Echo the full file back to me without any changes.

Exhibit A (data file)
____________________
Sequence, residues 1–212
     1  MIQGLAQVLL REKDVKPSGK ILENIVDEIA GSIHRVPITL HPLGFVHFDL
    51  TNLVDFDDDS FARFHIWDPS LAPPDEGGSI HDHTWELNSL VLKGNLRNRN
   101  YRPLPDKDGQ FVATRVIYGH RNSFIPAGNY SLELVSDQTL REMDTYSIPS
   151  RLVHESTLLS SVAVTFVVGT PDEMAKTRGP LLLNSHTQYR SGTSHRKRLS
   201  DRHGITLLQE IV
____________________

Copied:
Sequence, residues 1–212
     1  MIQGLAQVLL REKDVKPSGK ILENIVDEIA GSIHRVPITL HPLGFVHFDL
    51  TNLVDFDDDS FARFHIWDPS LAPPDEGGSI HDHTWELNSL VLKGNLRNRN
   101  YRPLPDKDGQ FVATRVIYGH RNSFIPAGNY SLELVSDQTL REMDTYSIPS
   151  RLVHESTLLS SVAVTFVVGT PDEMAKTRGP LLLNSHTQYR SGTSHRKRLS
   201  DRHGITLLQE IV